“The working process is intense and concentrated . . . and it IS work.” Plein air painter Harry Stooshinoff shares his inspiration for continuously painting the landscape.
Painting the Landscape: “On Lost Dog Hill”
BY HARRY STOOSHINOFF
DeKooning spoke of being a “slipping glimpser” . . . the way you have this little sense that you might be getting close to something that is desirable, that you want, that enchants you . . . and then it’s gone . . . It’s elusive. You try to reveal something, but you don’t have a very clear idea of what that thing is, or exactly how to get at it . . . so you feel your way, over and over . . . Sometimes you’re closer, and sometimes farther away . . . a slipping glimpser . . . like a memory fragment from childhood that’s almost completely gone . . . just a hint remaining.
You go on . . .
If you go for an hour walk in the country and look around you will see hundreds of things of note—so many that it doesn’t even seem possible to comment on them all or reference them in paintings. You look at something, and the image combines with another thought or sentiment running through your head, and the whole mood and meaning of what you are seeing changes.
You look at the sky and note a motif . . . walk ten paces forward, look again in a slightly different direction and something equally interesting presents itself. And so it seems that very few things are actually noticed, and very few things are actually painted. There are a million more things that might be done with the landscape in paint.
The problem is always the same: how to take sensations, impressions, visual or otherwise from the world, and use them to impart some quality of life in the making of a picture. Over time you develop all sorts of tools to help you do this . . . colour mixing knowledge and colour theory, observational drawing ability, design sensibility, understanding how creative flow works . . . but the process is mysterious and there are no clear guarantees.
Always the guiding question remains, “Does the painting seem to have an independent and palpable life?” You stop the painting at or near that point, when you’re in the vicinity . . .
I live in the rolling countryside of the Oak Ridges Moraine, an ancient landform located just north of Lake Ontario, and am inspired by what I see every day. I roam this unique place in all seasons, and document my impressions. At first view, rural environments may seem natural, but they have been continually altered and reshaped by man.
The landscape will be very different tomorrow; it seems almost negligent not to record how it looked and felt today. It’s a big NOISY world, so I make small, quiet paintings. There is a desire to leave something thoughtful behind . . . to say in some manner, this place was essential . . . we were together for a long time, and it touched me in this certain way.
Each picture is in some way a continuation of the piece that came before . . . forming a long line of influence. My mood very much influences each piece. My interior life is a constant filter through which all responses to the landscape are channeled. So there is no “pure” landscape . . . it is “my” landscape. But the location also seems to have its own force that called it to my attention in the first place. This quality of place remains strong through the painting . . . the subject is like another strong personality always in the room.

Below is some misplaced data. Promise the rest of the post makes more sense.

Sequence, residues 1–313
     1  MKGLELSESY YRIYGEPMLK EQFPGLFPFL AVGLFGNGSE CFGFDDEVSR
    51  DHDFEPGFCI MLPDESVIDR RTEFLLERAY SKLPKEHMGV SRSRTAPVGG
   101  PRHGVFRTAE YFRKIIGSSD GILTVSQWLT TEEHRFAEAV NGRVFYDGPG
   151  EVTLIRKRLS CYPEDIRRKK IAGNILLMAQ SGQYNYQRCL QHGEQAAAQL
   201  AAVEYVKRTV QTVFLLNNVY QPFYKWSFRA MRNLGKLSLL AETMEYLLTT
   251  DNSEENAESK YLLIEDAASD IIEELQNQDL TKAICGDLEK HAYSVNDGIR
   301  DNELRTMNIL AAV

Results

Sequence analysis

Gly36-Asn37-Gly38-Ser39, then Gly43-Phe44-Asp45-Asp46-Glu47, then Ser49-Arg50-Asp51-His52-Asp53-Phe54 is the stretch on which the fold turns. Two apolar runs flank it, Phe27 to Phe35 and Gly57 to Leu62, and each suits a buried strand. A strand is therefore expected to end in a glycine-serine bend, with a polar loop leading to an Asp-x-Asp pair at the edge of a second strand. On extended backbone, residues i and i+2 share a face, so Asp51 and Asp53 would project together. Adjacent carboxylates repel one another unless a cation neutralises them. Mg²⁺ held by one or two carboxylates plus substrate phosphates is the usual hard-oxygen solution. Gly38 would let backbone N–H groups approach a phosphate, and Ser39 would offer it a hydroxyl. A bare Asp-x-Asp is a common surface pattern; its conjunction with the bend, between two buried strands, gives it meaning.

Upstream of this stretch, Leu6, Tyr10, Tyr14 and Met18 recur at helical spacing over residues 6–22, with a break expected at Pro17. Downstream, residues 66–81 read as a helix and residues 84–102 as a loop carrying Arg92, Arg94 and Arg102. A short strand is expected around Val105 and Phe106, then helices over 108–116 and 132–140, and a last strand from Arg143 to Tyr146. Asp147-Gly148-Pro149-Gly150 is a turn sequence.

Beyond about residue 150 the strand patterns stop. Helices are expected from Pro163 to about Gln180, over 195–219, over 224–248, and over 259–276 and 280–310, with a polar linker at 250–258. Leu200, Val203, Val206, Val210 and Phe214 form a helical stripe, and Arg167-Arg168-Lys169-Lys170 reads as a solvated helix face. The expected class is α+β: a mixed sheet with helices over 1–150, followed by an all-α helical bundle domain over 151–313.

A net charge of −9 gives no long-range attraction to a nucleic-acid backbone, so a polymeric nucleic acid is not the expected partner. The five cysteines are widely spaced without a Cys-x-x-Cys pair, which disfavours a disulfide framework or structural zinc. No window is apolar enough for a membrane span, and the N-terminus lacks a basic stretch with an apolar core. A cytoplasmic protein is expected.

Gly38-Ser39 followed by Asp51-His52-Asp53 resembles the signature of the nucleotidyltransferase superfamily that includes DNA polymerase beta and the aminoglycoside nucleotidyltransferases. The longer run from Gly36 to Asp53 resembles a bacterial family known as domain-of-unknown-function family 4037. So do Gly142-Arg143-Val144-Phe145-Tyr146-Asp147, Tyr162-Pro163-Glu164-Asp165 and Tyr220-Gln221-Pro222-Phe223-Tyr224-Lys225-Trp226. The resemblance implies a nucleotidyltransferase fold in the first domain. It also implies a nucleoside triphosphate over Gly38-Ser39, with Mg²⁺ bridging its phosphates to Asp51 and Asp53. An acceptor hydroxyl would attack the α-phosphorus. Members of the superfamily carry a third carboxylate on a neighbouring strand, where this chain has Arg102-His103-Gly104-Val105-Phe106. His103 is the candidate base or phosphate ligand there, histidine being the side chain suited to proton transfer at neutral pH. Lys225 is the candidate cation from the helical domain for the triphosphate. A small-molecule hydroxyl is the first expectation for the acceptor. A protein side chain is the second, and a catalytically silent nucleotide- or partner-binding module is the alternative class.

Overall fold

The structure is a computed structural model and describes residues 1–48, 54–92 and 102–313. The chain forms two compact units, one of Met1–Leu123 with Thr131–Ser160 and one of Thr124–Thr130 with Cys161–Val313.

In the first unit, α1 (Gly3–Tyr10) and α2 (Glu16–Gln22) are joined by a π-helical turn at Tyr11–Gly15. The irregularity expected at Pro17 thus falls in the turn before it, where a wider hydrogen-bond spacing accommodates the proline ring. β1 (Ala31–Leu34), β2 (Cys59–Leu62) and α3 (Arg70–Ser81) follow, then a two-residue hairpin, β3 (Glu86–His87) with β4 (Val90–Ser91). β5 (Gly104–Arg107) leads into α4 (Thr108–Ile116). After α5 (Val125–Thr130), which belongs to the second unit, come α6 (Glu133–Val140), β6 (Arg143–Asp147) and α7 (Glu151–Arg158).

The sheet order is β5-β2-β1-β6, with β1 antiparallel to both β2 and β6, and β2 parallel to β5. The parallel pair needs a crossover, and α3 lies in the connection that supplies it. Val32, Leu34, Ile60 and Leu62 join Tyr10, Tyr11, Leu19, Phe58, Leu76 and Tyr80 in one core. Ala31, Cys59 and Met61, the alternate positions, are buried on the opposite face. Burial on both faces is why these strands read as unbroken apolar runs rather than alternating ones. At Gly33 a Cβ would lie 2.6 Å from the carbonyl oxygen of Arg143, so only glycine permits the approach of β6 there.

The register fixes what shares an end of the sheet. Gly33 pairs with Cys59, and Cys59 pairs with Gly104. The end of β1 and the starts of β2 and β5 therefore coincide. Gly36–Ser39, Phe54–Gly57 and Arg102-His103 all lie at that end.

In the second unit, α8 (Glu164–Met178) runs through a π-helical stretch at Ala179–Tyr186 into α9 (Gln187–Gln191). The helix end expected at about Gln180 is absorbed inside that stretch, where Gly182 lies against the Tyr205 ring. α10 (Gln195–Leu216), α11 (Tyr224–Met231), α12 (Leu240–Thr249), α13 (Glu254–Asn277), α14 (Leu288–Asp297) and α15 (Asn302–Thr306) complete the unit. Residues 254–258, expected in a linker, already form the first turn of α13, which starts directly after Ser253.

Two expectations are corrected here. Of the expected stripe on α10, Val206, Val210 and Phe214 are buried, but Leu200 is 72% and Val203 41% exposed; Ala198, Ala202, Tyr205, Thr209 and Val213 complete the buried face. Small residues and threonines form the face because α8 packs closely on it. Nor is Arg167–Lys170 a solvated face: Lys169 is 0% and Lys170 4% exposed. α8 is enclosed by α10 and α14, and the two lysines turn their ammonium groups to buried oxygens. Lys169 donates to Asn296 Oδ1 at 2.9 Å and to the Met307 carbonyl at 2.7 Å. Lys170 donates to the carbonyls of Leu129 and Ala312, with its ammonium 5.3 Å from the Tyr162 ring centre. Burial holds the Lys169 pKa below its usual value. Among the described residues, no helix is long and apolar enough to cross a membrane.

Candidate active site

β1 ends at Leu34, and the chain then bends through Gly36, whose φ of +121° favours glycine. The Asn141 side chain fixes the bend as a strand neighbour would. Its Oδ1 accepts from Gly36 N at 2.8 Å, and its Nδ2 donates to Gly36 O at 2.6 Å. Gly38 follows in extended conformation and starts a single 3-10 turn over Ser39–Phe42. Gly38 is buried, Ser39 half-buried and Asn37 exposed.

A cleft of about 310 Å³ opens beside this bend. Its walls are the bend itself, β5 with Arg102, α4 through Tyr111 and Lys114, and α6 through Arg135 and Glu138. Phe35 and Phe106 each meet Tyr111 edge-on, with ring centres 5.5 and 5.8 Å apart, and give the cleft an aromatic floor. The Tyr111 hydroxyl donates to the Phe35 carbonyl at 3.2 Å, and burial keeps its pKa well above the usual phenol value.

The painting process also calls for an unknown and as yet undefined beautiful balance. You need some of this and some of that. You make things up as you go along, and you stop at some point when the picture seems to have independent breath. All sorts of subtle forces need to be balanced into a beautiful unity. All these necessities mix together in some strange flux . . . so nothing is ever permanently stable. And the only solution to the instability is to make something else.
I always start and finish a work in one sitting, and have for many years. The working process is intense and concentrated . . . and it IS work. There is constant movement, continuous decision-making, fierce attention to every mark and “touch” made, no letup at all for a period of about two hours. Every line serves a purpose in the balance. There can be no extras.
The aim is always to let the work somehow suggest the quality of breathing, and the constant courting of surprise. If some passage looks overly deliberated, studious or conscientious, the sense of surprise is diminished; any changes made must be significant and not mere embellishment.
Working on an intimate scale encourages a greater willingness to take creative risks necessary to achieve this sense of surprise. This repertoire of techniques and methods may or may not guide me the entire way. The enterprise must be open to continual reinvention, always seeking if the process answers the question: “Is this work more real and alive now?”
To make the process continuously new I alternate my methods. I often use small one-minute diagrams made in ballpoint pen on folded-up typing paper kept in my breast pocket. I quickly jot down the three or four elements in relation to each other that make up a visual motif in the landscape. These little drawings serve as reference for the paintings made in studio.
If this process becomes too automatic, the next few pictures might be made from memory, to again allow new elements to enter the process. Or I will start the work with collage—three to four essential colours in relation to each other can form the basis for the whole work. This collage starting point might then be brushed over with acrylic.
At times the attempt is made to see how simple a work can become to match an effect noted on-site in the landscape. Working on a small scale allows me to easily follow hunches that might result in oddness or awkwardness in the piece; oddness can be indulged . . . what’s the harm? I resolve the work in one sitting and let it exist.
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